Land set aside for allotments in the UK has declined by 65% from a peak in the “dig for victory” and post-war era.
Scientists estimated that the lost allotments could have provided 6% of the population with their “five-a-day” fruit and veg diet.
The most deprived areas suffered the worst decline, experiencing eight times the level of allotment closures compared with the most affluent areas.
The study’s findings appear in the Landscape and Urban Planning journal.
“We found that, overall, there had been a 65% decline in the total area of allotment land from its peak (1950s) to 2016,” explained co-author Miriam Dobson from the University of Sheffield.
“In terms of the amount of the amount of food production capacity lost, the closed allotment land could have fed 6% of the population on their ‘five-a-day’ diet.”
The researchers decided to assess the volume of land set aside for allotments because although it was widely assumed that there had been a decline since the peak during the “dig for victory” and post-war years, there was no data available.
The team also wanted to understand if any of the former allotments could be reinstated as allotments to meet the renewed demand for allotments.
To gather the data it needed, the study looked at 10 geographically distributed cities across the UK, using historical Ordnance Survey maps of the 20th Century. It was then possible to plot the land used as allotments and monitor land-use change over the decades.
Ms Dobson, a PhD student at the university’s Department of Animal and Plant Sciences, said there were a number of factors behind the reduction of allotment plots.
“There was reduced demand after the 1950s as people relied more on supermarkets and convenience stores,” she told BBC News.
“There was also a loss in leisure time, which meant people did not have the time to attend to their allotment plots, and a loss of food growing knowledge created barriers to entry.
“As well as this, as the urban population was growing, urban land became increasingly valuable to developers.”
Yet regarding the allotment sites that had been closed, the team found that about a quarter of the land had not been developed for buildings but had been used as another form of green space.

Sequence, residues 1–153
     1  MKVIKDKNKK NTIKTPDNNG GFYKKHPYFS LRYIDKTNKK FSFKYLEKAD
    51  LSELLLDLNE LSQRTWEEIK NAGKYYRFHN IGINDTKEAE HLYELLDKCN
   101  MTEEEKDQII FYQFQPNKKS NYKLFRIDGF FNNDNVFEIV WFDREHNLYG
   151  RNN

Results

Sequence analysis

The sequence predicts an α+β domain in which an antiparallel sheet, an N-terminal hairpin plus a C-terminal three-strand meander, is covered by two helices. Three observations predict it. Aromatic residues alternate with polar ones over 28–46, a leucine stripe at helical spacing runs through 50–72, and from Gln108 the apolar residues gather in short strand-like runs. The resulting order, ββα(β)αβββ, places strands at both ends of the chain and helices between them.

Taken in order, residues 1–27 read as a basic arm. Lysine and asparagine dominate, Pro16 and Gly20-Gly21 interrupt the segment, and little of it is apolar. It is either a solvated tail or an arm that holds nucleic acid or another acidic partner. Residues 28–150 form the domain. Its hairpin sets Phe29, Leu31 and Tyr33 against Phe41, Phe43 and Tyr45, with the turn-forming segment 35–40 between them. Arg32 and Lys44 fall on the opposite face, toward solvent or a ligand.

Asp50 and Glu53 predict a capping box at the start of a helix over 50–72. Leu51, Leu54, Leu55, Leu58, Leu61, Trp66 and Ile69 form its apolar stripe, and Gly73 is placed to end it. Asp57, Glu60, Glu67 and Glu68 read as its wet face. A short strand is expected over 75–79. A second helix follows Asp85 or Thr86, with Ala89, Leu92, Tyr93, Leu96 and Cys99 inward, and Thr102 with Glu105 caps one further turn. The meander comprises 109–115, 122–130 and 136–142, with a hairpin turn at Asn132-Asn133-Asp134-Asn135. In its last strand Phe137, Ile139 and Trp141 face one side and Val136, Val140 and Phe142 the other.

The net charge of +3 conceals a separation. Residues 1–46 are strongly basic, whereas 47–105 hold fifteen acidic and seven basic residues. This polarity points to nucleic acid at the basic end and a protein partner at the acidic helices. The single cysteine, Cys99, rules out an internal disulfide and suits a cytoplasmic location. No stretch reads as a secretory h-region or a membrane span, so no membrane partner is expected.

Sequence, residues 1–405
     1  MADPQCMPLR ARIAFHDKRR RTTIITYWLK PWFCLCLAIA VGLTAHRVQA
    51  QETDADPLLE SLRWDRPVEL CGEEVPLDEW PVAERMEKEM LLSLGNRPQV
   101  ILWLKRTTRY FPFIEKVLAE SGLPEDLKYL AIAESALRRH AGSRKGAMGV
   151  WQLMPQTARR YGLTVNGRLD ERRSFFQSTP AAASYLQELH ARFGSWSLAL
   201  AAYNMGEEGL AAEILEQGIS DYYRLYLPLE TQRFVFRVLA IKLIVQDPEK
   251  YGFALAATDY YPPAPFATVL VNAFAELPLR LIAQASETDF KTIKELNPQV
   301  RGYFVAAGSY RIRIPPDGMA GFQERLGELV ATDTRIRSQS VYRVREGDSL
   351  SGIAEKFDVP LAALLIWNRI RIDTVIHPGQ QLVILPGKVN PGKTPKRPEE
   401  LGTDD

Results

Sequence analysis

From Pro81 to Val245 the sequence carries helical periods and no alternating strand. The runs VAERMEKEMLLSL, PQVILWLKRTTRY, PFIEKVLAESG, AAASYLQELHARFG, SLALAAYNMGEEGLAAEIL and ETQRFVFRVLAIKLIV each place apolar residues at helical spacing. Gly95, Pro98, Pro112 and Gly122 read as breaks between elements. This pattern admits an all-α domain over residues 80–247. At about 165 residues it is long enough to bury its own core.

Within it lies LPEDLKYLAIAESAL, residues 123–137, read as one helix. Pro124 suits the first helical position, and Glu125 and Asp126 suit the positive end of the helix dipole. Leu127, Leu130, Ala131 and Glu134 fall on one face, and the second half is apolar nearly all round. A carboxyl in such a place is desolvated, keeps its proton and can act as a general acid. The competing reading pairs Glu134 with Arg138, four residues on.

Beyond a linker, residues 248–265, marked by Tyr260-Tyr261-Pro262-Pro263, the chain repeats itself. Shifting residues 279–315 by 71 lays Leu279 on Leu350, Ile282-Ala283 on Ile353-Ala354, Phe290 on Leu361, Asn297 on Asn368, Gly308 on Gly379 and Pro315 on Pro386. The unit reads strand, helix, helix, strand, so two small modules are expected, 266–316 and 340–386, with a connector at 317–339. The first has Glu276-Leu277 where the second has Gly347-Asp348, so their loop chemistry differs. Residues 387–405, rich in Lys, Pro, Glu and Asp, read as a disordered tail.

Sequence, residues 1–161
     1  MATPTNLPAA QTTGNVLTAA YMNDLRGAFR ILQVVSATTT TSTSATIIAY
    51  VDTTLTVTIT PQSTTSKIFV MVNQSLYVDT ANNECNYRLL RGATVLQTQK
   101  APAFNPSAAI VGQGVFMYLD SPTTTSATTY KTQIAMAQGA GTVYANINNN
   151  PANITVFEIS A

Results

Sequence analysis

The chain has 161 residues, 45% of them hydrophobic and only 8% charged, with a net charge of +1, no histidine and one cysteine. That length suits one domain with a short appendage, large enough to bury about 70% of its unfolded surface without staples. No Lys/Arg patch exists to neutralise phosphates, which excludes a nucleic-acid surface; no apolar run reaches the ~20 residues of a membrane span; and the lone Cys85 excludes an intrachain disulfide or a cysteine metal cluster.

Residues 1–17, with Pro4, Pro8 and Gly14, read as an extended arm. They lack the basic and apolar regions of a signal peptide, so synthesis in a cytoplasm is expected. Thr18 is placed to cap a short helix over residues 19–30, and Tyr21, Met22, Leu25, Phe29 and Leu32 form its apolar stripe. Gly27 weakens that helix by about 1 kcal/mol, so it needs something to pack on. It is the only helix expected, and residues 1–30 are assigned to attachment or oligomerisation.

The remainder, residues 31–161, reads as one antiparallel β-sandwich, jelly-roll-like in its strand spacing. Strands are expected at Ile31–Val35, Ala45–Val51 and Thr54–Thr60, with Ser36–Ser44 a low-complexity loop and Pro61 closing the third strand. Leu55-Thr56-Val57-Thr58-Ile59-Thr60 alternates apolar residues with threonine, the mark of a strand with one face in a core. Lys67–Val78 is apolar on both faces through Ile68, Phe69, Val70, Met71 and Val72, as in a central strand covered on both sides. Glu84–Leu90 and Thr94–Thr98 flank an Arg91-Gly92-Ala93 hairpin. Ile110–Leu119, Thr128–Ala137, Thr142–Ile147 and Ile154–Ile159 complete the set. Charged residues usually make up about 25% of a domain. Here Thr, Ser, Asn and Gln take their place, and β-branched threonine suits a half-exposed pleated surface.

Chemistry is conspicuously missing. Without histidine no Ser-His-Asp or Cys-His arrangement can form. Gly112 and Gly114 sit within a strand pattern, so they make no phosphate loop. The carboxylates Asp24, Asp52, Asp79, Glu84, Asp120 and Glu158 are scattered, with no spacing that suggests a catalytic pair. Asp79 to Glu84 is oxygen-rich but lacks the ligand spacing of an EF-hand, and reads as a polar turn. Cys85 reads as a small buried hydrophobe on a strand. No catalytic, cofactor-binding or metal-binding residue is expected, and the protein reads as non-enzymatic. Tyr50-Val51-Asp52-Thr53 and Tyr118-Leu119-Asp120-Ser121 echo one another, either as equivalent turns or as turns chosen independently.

“If the land within this was potentially suitable for reconversion to allotments was changed back to food production, the space available could meet up to 100% of the waiting list demand in the cities,” observed Ms Dobson.
In recent years, the demand for allotment plots has seen a renaissance, which many younger people wanted to grow their own fruit and veg, rather than it being seen as the preserve of pensioners.
During the Covid-19 lockdown, people with allotments have been spending a lot of their time on their plots, growing plenty of fresh fruit and veg – which, at times, have been challenging to source in supermarkets.
Ms Dobson observed: “We have already seen a huge increase in the number of people interested in growing their own food as a result of coronavirus, with garden centres and online shops selling out of seeds in the first weeks of lockdown.
“Coronavirus has… highlighted to people the fragility inherent within our globalised food system. In a time of crisis, interest in self-sufficiency rises.
She added that she felt there would likely be a surge in demand for allotment following this pandemic.
The team felt their study showed the importance of making sure that urban food production, such as allotments, were protected from being shut down, as well as highlighting the potential to expand such sites in towns and cities to meet demand.